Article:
Adding Value to Books by Creating a Collection
Bookseller's collection generates outstanding free publicity.
By Renée Magriel Roberts
In today's super-competitive, Internet-dominated marketplace, we have seen the value of good, used books, and even some more common rare books decline, as customers now have the option of comparison-shopping with dealers all over the world. This is not new to the marketplace; computer dealers quickly discovered that once generic machines were available, they could not continue to get the higher margins that once attracted people to name brands. Some went out of business and others quickly made adjustments, creating a total gestalt, a value-added package, that included not only the machine, but software, support and training.
Selling books is not entirely dissimilar from the technology marketplace. Bookselling responds extremely well to value-added efforts and especially to product knowledge. The research and knowledge behind an author, an illustrator, a work, or particular subject areas, for example, adds value to each and every listing. We have seen on many occasions that books we have listed have sold, despite lower-priced, comparable books being available, because of the quality of the listing.
With this in mind, we have also worked at developing book collections. Collections are worth far more than the sum of the values of the individual books because they represent additional time, knowledge, opportunity, aesthetics, and value that a buyer may not wish to simulate. They are rare by design, because as a collection, they are unique.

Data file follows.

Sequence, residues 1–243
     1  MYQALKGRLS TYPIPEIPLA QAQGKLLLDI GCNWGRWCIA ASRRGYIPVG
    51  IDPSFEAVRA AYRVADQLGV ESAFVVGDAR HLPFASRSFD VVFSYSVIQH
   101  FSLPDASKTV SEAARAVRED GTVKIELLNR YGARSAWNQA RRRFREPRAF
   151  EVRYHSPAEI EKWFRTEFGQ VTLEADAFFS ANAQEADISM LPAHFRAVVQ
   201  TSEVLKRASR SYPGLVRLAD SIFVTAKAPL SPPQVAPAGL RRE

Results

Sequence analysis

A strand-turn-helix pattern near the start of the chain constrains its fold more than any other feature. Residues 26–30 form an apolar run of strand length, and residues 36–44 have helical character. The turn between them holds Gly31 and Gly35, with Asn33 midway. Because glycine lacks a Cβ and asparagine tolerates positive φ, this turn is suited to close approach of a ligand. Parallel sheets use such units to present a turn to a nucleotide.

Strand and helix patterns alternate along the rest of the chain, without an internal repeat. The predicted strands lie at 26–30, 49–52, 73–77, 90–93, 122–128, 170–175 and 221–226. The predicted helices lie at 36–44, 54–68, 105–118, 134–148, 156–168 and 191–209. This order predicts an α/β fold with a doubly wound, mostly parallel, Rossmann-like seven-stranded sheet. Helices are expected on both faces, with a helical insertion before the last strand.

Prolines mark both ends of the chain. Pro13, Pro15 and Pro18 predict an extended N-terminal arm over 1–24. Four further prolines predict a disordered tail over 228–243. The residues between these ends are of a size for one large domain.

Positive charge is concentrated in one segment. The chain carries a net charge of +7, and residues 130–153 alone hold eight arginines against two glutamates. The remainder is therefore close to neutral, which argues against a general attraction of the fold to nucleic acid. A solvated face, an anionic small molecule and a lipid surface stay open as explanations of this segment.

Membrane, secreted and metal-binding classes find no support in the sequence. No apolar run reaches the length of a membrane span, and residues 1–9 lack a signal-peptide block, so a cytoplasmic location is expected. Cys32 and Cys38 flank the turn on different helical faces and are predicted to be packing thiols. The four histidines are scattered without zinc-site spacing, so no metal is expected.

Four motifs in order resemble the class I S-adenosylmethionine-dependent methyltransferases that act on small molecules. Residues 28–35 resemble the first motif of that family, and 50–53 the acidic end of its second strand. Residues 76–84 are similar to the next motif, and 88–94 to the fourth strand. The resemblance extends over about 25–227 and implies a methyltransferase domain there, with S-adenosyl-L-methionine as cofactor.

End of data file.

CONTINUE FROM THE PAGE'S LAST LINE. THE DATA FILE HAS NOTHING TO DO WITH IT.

I learned a little about collecting from my father-in-law, Paul Magriel, a legendary art collector, who collected boxing ephemera, American drawings, art nouveau, American still lifes, and Renaissance bronzes, among many other groups of works. He had an impeccable eye and would send his collections to museums all over the country on exhibit, sell each one, and then start over again to build a new collection.
We became interested in one particular work, Benjamin Franklin's autobiography or memoir, a few years ago when we acquired an inexpensive early American reprint and tried to figure out exactly how it stood with respect to a "first edition". It became clear almost immediately that there were problems with even defining a first edition of this work. The earliest book in print (Paris: Buissson, 1791) was a French translation of a pirated, poorly copied version of Part I only of the four parts and the outline that now are thought to represent the extent of the work. There was a Swedish translation of the French (1792) as well as a German translation. The first appearance in English was a translation from the French, again of Part I only, and with little relationship to the original ms. The second appearance in English was a different translation from the French, again of Part I only. In 1818 the first three parts were published from the ms., but were edited, in some places for style, in others for substance. And in 1868, when John Bigelow for the first time published all four parts and the outline, from the original ms., he edited the work as well.